Correction: This column has been updated to include the correct date of Irving Like’s death. An earlier version had the wrong date.
My first email from Irving Like landed in my inbox last year.
I wondered: That Irving Like?
The guy whose legal strategies helped stop the Shoreham nuclear power plant?
The guy who was the legal brains behind the effort to stop master builder Robert Moses from paving a highway across Fire Island and then get the area named a national seashore?
The guy who was part of the legal team that sued the makers of Agent Orange and won a $180 million settlement for Vietnam veterans and their families harmed by the toxin used in the war?
The chief dragon slayer, as fellow thorn and former Suffolk County legislative counsel Paul Sabatino put it, a guy who was thinking outside the box before that phrase existed?
Yep, that Irving Like.
I was delighted.
Irving was 92 at the time, and he was writing about his latest quixotic quest — getting the United Nations to name Fire Island National Seashore a World Heritage Site. I called him a couple days later at his home in Bay Shore. He was sharp, witty and still dreaming. In other words, he was vintage Irving.
“I’m not going to live to see this happen,” he conceded. But that wasn’t stopping him from trying.
In the ensuing months, he showered me with dozens of emails. Some provided new rationales for the world heritage designation (the threat of rising seas, the prospect of drilling for oil off the coast, the fact that Martin Luther King Jr. had visited Fire Island in 1967). Others were insights into sewer politics, Jerry Wolkoff’s Heartland project, Republican Party megadonor Robert Mercer, a state constitutional convention, the Federal Reserve, local school districts amassing millions in unrestricted reserves, a cross-Long Island Sound bridge/tunnel.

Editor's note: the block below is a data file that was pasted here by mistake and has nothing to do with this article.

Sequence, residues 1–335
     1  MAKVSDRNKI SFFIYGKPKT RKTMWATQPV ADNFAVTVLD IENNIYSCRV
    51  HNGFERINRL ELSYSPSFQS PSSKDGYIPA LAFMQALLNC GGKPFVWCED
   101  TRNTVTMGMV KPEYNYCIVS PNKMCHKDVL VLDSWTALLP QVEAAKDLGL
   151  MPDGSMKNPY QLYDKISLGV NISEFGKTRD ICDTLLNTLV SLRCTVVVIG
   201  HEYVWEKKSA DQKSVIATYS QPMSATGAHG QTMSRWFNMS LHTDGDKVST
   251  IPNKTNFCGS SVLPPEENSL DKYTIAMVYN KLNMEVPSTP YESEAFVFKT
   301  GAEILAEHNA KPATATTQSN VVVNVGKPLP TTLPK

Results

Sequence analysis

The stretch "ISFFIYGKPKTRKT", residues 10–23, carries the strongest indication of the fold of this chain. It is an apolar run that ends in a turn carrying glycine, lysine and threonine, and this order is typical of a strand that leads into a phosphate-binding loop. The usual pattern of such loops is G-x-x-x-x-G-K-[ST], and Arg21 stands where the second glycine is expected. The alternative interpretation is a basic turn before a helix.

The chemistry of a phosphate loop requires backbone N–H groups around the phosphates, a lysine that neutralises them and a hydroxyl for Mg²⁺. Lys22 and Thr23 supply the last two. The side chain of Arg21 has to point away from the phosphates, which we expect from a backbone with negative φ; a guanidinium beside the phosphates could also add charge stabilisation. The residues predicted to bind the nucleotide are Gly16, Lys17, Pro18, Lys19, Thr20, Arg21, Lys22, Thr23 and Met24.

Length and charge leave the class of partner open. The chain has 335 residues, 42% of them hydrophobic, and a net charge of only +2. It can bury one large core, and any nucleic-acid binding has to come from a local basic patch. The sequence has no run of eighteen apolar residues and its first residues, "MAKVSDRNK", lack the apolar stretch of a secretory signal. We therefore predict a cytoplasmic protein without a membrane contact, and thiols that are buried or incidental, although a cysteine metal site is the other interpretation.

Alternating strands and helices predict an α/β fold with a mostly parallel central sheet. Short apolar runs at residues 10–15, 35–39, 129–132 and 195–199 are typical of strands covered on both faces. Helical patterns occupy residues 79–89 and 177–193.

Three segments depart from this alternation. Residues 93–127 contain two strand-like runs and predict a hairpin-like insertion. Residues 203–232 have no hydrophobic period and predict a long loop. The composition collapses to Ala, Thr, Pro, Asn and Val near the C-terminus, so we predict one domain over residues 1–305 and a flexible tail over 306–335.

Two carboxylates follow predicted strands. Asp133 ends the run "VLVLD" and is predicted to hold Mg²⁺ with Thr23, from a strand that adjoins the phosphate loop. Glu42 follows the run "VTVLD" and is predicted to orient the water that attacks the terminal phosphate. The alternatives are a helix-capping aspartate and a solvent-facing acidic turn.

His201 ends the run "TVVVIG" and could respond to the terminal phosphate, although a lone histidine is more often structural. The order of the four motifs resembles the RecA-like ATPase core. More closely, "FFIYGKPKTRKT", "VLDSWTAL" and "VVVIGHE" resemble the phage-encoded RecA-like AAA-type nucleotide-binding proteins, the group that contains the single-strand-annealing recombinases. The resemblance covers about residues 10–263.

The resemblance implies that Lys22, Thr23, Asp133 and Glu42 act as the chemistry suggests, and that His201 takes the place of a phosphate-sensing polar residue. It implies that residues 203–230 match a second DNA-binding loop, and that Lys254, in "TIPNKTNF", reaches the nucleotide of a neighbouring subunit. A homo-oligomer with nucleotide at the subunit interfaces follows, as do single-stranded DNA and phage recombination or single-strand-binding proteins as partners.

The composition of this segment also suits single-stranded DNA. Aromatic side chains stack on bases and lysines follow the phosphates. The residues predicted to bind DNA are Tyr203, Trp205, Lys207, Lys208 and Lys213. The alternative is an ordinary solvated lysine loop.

I asked him once for a reference for one of his contentions. He responded with nine.
His intelligence was restless. His work ethic was that of someone decades younger. His humor was self-deprecating. Irving’s response to queries about how he was doing was impish: “I don’t buy green bananas anymore.”
I wish we’d struck up a correspondence earlier. I wish I’d gotten to meet him. I wish I’d seen one of his Venn diagrams. He used the sets of interlocking circles to analyze his cases and causes.
“Every issue appears to a person to be simple, straightforward, but all issues have complexities,” Irving told John Tanacredi, a Molloy College earth and environmental sciences professor who is working on the Fire Island project.
“When he’d give presentations, he’d say he doesn’t have to bring notes, he’d bring his diagrams,” said Tanacredi, who pronounced them “amazing.”
Sabatino, who worked on several cases with Irving, remembers telling Irving that he saw no legal solution for one case or another. “And he used to say, ‘Paul, with every grievance you can always come up with a remedy, there’s always a way,’ ” Sabatino said.
That’s how you plant your seeds.
Irving took up one case at age 91. It was a challenge to Suffolk over title to some valuable property in the pine barrens. Irving argued the case, then waited. The judgment took 19 months.
“He got a favorable complete slam-dunk victory the Tuesday before he passed away,” Sabatino said. “He died with the happiness of knowing he was successful in the last case he tried.”
My last email from Irving arrived on Aug. 27. It was about his beloved Fire Island, and the last part of the subject line read:
“It is more than what it seems.”
Irving Like died on Oct. 3 at age 93, one of the giants of Long Island.
Here’s to quixotic quests and slaying dragons.
Michael Dobie is a member of Newsday’s editorial board.